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The Unipolar Generator:

A Demonstration of Special Relativity

Richard E. Berg and Carroll O. Alley
Department of Physics
University of Maryland
College Park, MD 20742
(Edited January, 2005)

This interesting and surprising device, sometimes called the homopolar generator, is one of the
more forgotten of the significant experiments in the history of physics. It is perhaps the only
table-top demonstration of special relativity.

A cylindrical alnico magnet, one inch in diameter and six inches long, having its poles at the
ends, with a residual magnetic induction of about one Tesla, is rotated around its axis at 1725
RPM. Brushes are positioned on the axis of rotation at one end and on the "equator" of the
cylinder. While the magnet is being rotated a potential between the brushes of about 13 mV is
observed. This potential reverses in sign when the direction of magnetic rotation is reversed or
when the poles of the magnet are interchanged.

Large generators using unipolar induction were well known in the late nineteenth century, and
were used as dynamos to generate DC power during the period when arguments were still raging
about whether the best technique for supplying electric power to consumers was by AC or by

Notice that this is not a conventional generator. No net magnetic flux lines are being cut, and the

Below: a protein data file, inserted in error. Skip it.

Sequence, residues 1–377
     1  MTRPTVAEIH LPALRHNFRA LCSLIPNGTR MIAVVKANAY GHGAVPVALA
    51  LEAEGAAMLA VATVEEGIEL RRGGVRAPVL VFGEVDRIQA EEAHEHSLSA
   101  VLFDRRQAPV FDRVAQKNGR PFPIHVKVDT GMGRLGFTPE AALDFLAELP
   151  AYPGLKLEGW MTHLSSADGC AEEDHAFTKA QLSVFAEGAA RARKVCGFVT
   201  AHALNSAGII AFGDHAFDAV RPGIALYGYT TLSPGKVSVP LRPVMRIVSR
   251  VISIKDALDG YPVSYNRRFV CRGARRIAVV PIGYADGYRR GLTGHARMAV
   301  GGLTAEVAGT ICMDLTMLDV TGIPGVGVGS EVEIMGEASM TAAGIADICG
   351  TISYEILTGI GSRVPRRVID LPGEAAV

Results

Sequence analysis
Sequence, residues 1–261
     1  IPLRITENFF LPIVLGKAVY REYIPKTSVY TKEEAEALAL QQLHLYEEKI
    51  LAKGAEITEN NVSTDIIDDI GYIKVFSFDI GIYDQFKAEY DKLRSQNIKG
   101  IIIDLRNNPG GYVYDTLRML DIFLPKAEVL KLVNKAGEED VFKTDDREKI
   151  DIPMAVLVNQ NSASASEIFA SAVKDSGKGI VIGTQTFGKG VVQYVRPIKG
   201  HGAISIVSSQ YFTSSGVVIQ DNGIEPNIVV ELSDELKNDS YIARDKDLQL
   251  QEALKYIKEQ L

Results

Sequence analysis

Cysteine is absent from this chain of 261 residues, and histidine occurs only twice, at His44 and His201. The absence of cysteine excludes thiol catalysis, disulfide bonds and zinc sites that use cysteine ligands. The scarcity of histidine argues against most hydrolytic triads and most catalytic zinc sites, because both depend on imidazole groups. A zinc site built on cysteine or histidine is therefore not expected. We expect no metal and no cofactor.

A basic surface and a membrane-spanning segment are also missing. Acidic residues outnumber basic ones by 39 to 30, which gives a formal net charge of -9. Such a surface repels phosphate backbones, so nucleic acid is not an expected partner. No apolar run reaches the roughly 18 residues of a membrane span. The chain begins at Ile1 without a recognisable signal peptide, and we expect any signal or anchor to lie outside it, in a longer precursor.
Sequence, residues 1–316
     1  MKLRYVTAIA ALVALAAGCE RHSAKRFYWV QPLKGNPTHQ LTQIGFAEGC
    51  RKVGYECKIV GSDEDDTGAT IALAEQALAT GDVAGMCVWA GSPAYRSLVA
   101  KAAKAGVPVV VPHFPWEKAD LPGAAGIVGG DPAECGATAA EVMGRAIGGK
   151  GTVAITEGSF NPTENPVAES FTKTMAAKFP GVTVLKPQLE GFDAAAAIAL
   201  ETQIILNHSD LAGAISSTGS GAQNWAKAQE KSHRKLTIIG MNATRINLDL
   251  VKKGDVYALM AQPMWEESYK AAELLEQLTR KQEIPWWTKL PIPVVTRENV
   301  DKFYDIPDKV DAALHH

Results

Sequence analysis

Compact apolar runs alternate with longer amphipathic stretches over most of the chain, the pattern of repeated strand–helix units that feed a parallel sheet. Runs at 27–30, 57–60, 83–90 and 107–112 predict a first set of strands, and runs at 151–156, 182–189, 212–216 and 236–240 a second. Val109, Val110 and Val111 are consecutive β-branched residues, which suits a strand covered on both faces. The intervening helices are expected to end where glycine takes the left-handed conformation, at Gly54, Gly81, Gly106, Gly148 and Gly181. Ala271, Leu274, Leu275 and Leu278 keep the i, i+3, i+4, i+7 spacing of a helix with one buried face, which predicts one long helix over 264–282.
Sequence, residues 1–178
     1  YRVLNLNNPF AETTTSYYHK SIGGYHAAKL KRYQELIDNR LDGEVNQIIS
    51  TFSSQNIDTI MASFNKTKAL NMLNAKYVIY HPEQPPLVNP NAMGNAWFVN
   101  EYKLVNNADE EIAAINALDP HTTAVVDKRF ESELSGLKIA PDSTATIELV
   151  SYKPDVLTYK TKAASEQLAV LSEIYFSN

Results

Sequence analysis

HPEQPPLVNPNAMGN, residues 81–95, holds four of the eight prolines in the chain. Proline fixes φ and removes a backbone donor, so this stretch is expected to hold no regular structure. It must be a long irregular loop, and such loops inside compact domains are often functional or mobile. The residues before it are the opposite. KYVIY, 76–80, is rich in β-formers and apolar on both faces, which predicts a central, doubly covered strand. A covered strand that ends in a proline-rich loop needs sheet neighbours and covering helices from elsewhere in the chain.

generator produces DC, which would imply a continuously increasing magnetic field. Further,

this effect cannot be explained in terms of the classical Faraday disc experiment,2 which involves
the force on a charge moving in a magnetic field. Therefore the generation of an electrical
potential by this technique is inexplicable in classical terms. The existence of unipolar induction
was likely one of the motivating pieces of experimental evidence leading Einstein to propose the
special theory of relativity.

A physically intuitive way of viewing this problem can be developed by first looking at an
electrically neutral metallic ring, in which an electron current is flowing clockwise (conventional
positive current flowing counterclockwise), and which is moving to the right at a large speed.3 In
the rest frame of the ring no net charge density will exist at any point. As we view the moving
ring, the electrons will be moving faster to the right at the top of the ring, while the positive
charge will be moving faster to the right at the bottom. Therefore in our frame the length of the
electron cloud on top and of the positive cloud on the bottom will be relativistically shortened,
leading to a negative charge density on top of the ring and an equal positive charge density on
the bottom.

An analogous way of viewing the rotating magnet is to look at the equivalent electron current
around any one of the magnetic domains of which the magnet is composed. If in this case the end
of the magnet facing us is North, and the magnet is rotating clockwise as viewed from that end
back toward the motor, we observe that the velocity of the electron cloud and the velocity of the
rotating magnet add on the outside and subtract on the inside of each loop. This means that the
electron cloud will have a greater velocity on the outside, so that in the fixed external frame of
reference we will observe a length contraction of that side of the electron cloud. Because the
electron cloud density in the magnet frame is uniform, we will then view the electron cloud as